CRICVIZ CLASSICS - SHAI HOPE'S TWIN TONS
Introducing a new series, 'CricViz Classics', where the world-leading cricket analysts take a look at the very finest West Indies performances in the modern era.
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Once very common, West Indies Test victories in England have grown increasingly rare. Since 2000, where the hosts came out 3-1 victors in a five-match series, West Indies touring sides have only won one Test match on English soil - but what a win it was.
Headingley 2017, as the West Indies chased down an improbable 322 to win, was an historic moment. It was, at that time, the 20th highest successful chase in Test history, as well as the 11th highest away from home. What’s more, it represented the pinnacle of one young man’s career to date. Shai Hope, with scores of 147 and 118*, dominated the match, and in doing so became the first man to score two Test centuries in a single match at Headingley, a venue that has been hosting Test cricket since 1899. A century in each innings of a Test match is not something that happens every day.
The historic nature of such an achievement is obvious, and worth revisiting. In Test history, there have only been 86 instances of a batsman scoring two centuries in the same match, and there have only been 41 instances of a batsman doing so in an away Test match. There have only been 12 instances of a West Indies batsman scoring two centuries in a single Test, and Hope is one of only 10 West Indian batsmen to achieve the feat, with George Headley and Clyde Walcott both managed it on two separate occasions. What’s more, Hope managed to make his twin centuries whilst being undefeated in the one innings, something which has been done on just 35 other occasions throughout Test history by any player, for any nation.
But away from the record-books, the way Hope actually batted in the Test is deserving of more attention. Because, despite his run tally, he didn’t play without risk. The average false shot percentage in that Leeds Test as a whole was 18%, but for Hope himself it was only 17% - lower, but not by anywhere near as much as you would expect for a player performing so far above the rest. However, one aspect of his risk which does merit attention is that he batted with more security as the game went on. In the first innings, he played a miss or an edge 21% of the time, but in the second innings that fell to 16%. Whilst conditions didn’t deteriorate hugely across the game, to actually play with less risk in the second dig is very surprising.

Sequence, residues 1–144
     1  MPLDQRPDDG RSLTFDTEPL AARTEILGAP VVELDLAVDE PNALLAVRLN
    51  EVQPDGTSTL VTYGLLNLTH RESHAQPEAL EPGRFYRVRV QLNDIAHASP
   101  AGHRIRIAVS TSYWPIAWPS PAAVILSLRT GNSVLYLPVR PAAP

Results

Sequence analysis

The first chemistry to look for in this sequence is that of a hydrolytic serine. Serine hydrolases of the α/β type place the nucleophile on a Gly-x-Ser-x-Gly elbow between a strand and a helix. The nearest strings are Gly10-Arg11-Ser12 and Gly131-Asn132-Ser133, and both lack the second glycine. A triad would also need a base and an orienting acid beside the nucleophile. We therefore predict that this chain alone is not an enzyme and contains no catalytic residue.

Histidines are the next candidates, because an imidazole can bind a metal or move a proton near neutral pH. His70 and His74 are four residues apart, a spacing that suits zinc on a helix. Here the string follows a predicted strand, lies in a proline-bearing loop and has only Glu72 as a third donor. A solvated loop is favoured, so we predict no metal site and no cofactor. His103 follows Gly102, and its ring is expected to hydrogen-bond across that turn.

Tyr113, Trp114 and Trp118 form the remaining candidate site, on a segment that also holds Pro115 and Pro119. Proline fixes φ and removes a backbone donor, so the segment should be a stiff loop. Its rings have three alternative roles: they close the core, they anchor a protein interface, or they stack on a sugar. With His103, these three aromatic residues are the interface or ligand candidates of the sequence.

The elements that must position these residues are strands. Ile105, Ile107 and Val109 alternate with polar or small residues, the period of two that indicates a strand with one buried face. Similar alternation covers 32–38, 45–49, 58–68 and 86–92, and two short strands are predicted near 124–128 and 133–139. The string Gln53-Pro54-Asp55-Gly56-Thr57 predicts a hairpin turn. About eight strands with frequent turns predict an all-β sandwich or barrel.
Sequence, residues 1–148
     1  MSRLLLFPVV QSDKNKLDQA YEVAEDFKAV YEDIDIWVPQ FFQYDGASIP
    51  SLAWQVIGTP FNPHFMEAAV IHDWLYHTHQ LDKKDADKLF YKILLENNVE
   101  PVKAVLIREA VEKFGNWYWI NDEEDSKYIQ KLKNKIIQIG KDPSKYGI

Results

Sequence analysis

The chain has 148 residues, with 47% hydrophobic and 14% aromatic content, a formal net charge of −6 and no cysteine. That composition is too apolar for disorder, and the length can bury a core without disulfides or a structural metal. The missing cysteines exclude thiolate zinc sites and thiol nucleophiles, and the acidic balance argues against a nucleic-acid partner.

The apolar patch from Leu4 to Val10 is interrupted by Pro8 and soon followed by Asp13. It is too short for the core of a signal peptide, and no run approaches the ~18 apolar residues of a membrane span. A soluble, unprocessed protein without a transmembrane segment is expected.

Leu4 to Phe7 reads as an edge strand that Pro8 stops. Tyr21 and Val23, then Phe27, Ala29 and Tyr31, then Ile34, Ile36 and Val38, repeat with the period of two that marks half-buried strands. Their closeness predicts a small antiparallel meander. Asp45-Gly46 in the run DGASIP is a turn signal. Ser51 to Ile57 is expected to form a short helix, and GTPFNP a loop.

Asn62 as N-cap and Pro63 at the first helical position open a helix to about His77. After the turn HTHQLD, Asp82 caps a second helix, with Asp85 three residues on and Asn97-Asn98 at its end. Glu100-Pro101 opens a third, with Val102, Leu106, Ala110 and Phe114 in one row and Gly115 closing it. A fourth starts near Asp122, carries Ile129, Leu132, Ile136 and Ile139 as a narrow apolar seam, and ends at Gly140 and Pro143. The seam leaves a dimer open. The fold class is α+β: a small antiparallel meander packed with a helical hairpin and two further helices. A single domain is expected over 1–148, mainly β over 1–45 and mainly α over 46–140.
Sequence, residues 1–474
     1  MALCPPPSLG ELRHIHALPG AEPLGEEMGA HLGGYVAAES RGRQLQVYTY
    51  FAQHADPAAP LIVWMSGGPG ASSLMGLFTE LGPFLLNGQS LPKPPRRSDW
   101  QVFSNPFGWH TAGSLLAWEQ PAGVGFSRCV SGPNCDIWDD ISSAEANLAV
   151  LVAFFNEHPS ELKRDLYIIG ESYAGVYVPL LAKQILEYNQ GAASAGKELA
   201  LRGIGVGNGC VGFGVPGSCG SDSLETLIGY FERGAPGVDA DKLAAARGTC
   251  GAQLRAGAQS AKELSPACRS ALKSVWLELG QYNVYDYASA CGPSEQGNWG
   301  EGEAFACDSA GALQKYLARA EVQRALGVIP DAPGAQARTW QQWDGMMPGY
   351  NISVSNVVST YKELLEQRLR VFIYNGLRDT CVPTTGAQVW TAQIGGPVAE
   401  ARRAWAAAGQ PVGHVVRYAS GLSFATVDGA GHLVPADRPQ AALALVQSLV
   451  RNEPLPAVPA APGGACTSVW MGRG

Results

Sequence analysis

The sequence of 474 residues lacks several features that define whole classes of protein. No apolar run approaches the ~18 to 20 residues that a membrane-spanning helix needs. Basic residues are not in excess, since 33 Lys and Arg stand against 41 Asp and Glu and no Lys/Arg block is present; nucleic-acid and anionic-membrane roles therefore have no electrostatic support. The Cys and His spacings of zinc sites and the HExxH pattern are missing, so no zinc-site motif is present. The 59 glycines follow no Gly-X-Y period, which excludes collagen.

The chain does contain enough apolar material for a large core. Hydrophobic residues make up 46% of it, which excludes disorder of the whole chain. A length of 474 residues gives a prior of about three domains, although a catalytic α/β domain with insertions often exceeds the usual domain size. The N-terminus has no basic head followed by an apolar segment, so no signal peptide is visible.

While the management of risk came into it, what was most impressive about Hope's method was how he adapted his game as the challenge changed. In the first innings, 63% of Hope’s runs came on the offside, but that dropped to 42% in the second innings. England, perhaps frustrated by the lack of a breakthrough, drifted straighter, getting less patient; in the first innings, 16% of their deliveries were in line with the stumps, but that rose to 21% in the second. As England pulled their length back (29% full in the first innings, 23% in the second), Hope drove less, and used the legside more.
One clear technical difference between Hope and the rest of the batsmen in this match was the point at which he was intercepting the ball. When facing the seamers, Hope was making contact with ball just over 2 metres down the track from his stumps - 206cm, to be precise. Hope was batting further down the track than anyone else in the match, and two men more than used to playing in English conditions - Joe Root and Alastair Cook - were batting a full 60cm deeper in the crease, on average, across the Test. Whilst this wasn’t necessarily a magical cure for playing the moving ball (the man batting second furthest out of his crease, Kyle Hope, contributed just three runs against pace in the match), it clearly worked for Hope. Whether by disrupting the England seamers' natural lengths, or by negating the more dangerous late swing by coming at the ball earlier, Hope was able to render the quicker bowlers largely ineffective.
Against the spinner, Moeen Ali, Hope opted to just stay busy. In the second innings of the match he only attacked 12% of the deliveries he faced from Moeen, marginally less than the 14% he attacked against the seamers, but he focused on constantly scoring rather than playing big shots. During that record chase he attempted to rotate the strike with 49% of his strokes against spin, well up from his career average of 31%. Moeen is an attacking bowler who does allow runs to flow, but Hope kept his head and just ensured the scoreboard ticked over without going too hard. By negating the quicks, and milking the spinners, Hope constructed a perfect innings.
According to CricViz’s Wicket Probability model (which looks at the ball-tracking data for deliveries and calculates the likelihood of them leading to a run/wicket), the balls that England bowled to Shai Hope across that Headingley Test would, on average, have brought a score of 237-8. For Hope to turn that into 265-1, both scoring and retaining his wicket more than expected, is testament to what an extraordinary achievement those innings were.
Hope is still only 26 years old, is a solid presence in the two longer international formats, and without doubt has a lot of cricket ahead of him. But even if he never played another match in maroon, he can look back at what he was able to pull off in Leeds that August, and know that he has a place safe in the history books.